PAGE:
2

This note is seldom struck in Jerusalem in My Heart: one rare occasion, repeated in the text, refers to the perpetual dampness and decay of Old City buildings: "No sooner is the house painted than the humidity begins to seep through again. The paint forms wet spots that bublle up, crack and begin to fall, leaving disgusting looking fungus-infested spots." The disgusted reaction is so strongly stated that the reader feels an eruption of suppressed sentiment; perhaps Jerusalem is not as perfectly beautiful as we have been led to think, at least in its present. A photo illustrates decline: "An extremely elegant Turkish mosque in Khasqi Sultan becomes a dreary elementary classroom." (p. 188)

The book suffers from some repetition: the story of Caliph Omar and Patriarch Sophronius is told twice, for example. A picture of the encounter between the two by Daoud Zalatimo is not credited to this Jerusalem painter; indeed, no credits are given for the numerous and often excellent photos which the reader then assumes are by the author, with the exception of historical photos. Clear photo credit would have been appropriate: in general, a firmer editorial hand would have been welcome. The choice of a flowery script type for the title on the book's cover is also unfortunate.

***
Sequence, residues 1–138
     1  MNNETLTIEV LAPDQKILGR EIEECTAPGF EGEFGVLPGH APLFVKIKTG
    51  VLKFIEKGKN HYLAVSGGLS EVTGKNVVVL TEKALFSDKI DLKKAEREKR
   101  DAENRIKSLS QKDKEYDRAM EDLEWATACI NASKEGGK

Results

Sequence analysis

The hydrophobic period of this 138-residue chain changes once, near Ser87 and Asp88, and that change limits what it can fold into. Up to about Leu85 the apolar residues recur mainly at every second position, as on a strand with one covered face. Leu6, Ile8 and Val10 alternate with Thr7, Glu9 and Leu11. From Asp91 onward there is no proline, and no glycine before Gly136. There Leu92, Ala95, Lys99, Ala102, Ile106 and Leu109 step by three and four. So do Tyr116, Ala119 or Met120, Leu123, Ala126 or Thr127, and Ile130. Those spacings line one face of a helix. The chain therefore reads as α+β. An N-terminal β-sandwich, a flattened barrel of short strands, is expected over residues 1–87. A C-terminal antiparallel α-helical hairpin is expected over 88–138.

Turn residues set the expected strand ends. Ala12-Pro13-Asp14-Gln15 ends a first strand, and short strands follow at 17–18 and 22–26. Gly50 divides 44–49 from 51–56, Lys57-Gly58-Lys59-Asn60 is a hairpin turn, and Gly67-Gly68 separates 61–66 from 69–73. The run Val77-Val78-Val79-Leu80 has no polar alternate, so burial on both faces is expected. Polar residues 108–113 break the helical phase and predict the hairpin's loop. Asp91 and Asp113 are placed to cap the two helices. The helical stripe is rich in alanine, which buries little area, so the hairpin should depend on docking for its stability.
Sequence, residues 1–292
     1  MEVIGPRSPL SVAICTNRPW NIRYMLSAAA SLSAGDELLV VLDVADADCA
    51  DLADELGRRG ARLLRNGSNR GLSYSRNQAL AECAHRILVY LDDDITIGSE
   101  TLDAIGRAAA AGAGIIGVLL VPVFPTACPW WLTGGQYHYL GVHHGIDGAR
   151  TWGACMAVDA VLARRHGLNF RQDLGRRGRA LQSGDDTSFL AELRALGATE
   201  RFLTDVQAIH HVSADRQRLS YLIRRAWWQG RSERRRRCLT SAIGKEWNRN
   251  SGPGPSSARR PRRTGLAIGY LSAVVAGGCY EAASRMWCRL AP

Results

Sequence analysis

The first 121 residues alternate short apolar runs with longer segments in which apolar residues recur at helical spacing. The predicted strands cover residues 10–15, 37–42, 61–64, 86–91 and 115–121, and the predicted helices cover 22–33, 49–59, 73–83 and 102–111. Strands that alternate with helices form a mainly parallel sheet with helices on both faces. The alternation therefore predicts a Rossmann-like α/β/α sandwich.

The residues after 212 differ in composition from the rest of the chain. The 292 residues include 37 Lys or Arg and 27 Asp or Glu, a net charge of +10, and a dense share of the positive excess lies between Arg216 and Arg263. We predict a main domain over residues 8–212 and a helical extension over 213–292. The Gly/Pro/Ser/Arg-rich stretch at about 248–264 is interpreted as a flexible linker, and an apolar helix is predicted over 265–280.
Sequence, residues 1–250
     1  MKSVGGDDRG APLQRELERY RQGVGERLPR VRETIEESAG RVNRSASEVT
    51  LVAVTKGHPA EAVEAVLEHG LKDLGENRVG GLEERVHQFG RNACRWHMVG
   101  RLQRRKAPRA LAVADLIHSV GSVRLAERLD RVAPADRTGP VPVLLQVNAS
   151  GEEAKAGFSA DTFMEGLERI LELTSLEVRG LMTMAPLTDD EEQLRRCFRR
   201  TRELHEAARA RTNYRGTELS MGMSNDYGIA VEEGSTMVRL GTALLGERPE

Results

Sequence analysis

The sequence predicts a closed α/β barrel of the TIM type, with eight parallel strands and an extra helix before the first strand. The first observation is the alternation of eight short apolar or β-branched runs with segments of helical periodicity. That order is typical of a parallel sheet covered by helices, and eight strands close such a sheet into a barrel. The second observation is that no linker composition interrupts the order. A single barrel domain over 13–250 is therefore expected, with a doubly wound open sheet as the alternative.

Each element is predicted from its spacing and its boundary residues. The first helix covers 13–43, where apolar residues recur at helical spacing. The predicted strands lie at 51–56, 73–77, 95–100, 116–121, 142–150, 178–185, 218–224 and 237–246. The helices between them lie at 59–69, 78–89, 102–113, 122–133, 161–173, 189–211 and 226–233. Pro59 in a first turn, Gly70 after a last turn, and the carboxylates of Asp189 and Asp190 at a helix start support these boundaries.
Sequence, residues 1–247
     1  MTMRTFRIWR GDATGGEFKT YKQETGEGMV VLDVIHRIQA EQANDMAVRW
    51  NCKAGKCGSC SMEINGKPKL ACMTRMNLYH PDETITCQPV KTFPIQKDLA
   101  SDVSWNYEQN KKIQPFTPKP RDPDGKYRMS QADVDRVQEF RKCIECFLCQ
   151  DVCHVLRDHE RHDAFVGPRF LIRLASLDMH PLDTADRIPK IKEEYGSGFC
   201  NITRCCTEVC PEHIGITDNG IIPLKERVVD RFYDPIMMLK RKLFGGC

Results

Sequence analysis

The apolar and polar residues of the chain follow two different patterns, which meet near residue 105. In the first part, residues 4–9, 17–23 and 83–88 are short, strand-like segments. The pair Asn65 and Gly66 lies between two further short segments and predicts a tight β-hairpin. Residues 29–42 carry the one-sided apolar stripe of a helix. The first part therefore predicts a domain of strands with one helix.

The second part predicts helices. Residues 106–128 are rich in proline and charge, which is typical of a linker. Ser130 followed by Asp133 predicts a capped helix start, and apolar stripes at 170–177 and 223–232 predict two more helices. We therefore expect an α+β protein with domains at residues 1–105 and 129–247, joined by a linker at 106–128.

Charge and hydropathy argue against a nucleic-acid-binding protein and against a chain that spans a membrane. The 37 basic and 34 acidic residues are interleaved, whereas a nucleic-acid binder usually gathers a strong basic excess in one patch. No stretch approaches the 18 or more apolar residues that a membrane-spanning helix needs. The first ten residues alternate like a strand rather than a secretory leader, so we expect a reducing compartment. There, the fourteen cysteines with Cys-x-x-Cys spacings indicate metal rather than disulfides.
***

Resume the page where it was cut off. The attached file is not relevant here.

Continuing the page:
The nostalgic current in Jerusalem in My Heart places it in the genre that Susan Slyomovics calls "memorial books - individual volumes that memoralize a village, a district, a region or a country that no longer exists," serving as a locator that leads to "the emotional core of the past."3 Kleibo's quest for this emotional core is palpable and sometimes moving, as his character is guided through the streets of Jerusalem - and Jerusalem is always and only the Old City -- saturated with memories of the past. Perhaps if Kleibo's own experiences of growing up and living in Jerusalem had been more directly portrayed, the journey through the streets of Jerusalem would have been less marked by overly sentimental moments. And Jerusalem is not a lost city -- yet - even though Palestinian expulsions and dispossessions mark the city with loss. (In this context, one wonders why Kleibo's chronology of "major events" in the history of Jerusalem stops with the British Mandate. The interweaving of visual and narrative genres is innovative and welcome, but Jerusalem In My Heart leaves this reader at least with a question concerning which Jerusalem - of nostalgia for a lost city, memory of a palpable past or experience of the present - is the destination for the book's journey.